Tests indicated 86 percent of the holy water, commonly used in baptism ceremonies and to wet congregants' lips, was infected with common bacteria found in fecal matter such as E. coli, enterococci and Campylobacter, which can lead to diarrhea, cramping, abdominal pain, and fever.

Nitrates, commonly found in fertilizer from farms, were also identified in the water. If ingested, water containing nitrates over the maximum contaminant level could cause serious illness, especially in infants younger than 6 months, which could lead to death if untreated, according to the U.S. Environmental Protection Agency.

"We need to warn people against drinking from these sources," said Dr Alexander Kirschner, study researcher and microbiologist at the Medical University of Vienna.

The study, published in the Journal of Water and Health, also found that all church and hospital chapel fonts contained bacteria -- the busier the church, the higher the bacterial count.

"This may represent a problem that has hitherto been underestimated, especially in hospitals, since there a lot of people with weakened immune systems there," Kirschner said.

There have been advances made for the more hygienic use of holy water, including the invention of a holy water dispenser a few years ago by an Italian priest, while studies have also indicated that adding salt (at recommended levels of 20 percent) can help disinfect the water.

But Kirschner cautions that salt is not a reliable way to prevent infection and instead recommends priests regularly change the holy water in churches and erect signs to inform congregants about the dangers as well as of the history of the holy springs.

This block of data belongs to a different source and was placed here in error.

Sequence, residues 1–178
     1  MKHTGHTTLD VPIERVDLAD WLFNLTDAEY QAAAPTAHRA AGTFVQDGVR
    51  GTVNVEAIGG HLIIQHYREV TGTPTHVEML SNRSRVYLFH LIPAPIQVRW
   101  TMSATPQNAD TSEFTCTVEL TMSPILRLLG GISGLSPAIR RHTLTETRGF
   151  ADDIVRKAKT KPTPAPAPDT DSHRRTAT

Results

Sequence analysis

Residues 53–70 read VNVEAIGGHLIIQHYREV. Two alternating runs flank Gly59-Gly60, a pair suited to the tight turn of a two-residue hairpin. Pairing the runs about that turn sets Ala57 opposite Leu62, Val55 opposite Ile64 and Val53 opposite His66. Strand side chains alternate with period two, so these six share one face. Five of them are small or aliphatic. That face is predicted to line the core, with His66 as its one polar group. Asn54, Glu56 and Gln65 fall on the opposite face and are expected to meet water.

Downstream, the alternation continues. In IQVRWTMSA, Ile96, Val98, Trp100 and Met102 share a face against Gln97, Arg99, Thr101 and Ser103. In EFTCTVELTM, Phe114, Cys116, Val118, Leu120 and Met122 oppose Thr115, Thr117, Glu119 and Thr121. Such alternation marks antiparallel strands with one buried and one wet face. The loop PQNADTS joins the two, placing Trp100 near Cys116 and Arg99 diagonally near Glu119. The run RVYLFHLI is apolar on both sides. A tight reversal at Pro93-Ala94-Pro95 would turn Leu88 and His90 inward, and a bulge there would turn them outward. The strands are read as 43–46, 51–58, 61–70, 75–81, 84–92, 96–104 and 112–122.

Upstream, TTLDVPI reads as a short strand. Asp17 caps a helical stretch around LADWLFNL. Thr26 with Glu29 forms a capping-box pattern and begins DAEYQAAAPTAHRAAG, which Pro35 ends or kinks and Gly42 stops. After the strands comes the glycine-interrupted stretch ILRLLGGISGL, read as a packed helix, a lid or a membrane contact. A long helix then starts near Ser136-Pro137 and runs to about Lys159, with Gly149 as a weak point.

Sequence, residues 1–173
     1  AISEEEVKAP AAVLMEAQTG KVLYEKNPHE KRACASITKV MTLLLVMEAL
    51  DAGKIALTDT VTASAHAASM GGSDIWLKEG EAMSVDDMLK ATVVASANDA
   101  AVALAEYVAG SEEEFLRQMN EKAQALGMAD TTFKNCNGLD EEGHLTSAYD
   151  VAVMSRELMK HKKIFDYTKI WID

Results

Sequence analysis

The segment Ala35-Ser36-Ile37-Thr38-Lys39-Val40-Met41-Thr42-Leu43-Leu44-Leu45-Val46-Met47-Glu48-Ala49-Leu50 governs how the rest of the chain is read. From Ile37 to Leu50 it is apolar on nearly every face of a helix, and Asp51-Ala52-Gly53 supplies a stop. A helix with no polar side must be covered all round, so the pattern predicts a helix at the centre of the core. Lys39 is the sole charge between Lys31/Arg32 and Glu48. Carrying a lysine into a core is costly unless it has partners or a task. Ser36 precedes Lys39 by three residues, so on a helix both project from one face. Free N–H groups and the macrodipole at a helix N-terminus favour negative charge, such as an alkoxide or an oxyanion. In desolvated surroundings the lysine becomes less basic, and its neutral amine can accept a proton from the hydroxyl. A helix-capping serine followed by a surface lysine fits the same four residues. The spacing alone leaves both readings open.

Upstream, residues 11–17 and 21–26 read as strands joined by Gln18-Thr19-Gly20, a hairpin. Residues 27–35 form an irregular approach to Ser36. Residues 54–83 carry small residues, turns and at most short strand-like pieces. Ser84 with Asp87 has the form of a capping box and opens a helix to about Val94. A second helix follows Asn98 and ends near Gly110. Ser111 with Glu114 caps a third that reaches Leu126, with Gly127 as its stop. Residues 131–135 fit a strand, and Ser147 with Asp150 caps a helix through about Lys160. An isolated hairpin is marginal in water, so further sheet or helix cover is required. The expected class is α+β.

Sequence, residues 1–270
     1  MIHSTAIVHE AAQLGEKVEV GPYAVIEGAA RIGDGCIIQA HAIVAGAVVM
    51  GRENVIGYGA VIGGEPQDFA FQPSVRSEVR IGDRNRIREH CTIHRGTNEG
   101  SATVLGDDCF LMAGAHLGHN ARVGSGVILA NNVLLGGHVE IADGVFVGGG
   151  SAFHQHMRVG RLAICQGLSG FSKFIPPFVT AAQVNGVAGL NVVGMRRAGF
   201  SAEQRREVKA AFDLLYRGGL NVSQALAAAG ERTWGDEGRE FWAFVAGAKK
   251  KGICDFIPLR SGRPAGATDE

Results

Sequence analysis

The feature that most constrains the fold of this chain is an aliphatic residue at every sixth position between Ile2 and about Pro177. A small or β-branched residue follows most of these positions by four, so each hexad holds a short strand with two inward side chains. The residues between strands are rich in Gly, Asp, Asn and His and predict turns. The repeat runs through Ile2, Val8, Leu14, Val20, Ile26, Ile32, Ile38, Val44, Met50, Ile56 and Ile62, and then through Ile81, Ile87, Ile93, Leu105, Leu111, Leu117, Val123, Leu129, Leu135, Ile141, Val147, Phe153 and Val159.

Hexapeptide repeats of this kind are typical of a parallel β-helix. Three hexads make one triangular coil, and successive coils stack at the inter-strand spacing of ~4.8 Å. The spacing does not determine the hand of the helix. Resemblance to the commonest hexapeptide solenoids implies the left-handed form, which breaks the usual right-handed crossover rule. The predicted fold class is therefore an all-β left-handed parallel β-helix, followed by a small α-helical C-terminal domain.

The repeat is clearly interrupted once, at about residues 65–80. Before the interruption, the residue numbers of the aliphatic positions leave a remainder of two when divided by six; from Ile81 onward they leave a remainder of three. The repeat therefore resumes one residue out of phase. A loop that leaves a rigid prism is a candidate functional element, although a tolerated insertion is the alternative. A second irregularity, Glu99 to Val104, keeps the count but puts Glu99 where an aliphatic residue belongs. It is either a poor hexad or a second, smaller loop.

Friday, August 16, 2013

Bad Effects Of Car Air Conditioners

Nasa Sekunder Omoha:

Things we must know about ......AIR CONDITIONERS

No wonder more folks are dying from cancer than ever before.

We wonder where this stuff comes from but here is an example that explains a lot of the cancer causing incidents.

Many people are in their cars first thing in the morning and the last thing at night, 7 days a week.

Please do NOT turn on A/C as soon as you enter the car.

Open the windows after you enter your car and turn ON the AC after a couple of minutes.

Here's why: According to a research, the dashboard emits Benzene, a cancer-causing toxin (carcinogen - take time to observe the smell of heated plastic in your car).

In addition to causing cancer, Benzene poisons your bones, causes anemia and reduces white blood cells.

Prolonged exposure will cause Leukemia, increasing the risk of cancer.Can also cause miscarriage. .

Acceptable Benzene level indoors is 50 mg per sq. ft.

A car parked indoors with windows closed will contain 400-800 mg of Benzene.

If parked outdoors under the sun at a temperature above 70 degrees F, the Benzene level goes up to 2000-4000 mg, 40 times the acceptable level.

People who get into the car, keeping windows closed will inevitably inhale, in quick succession, excessive amounts of the toxin.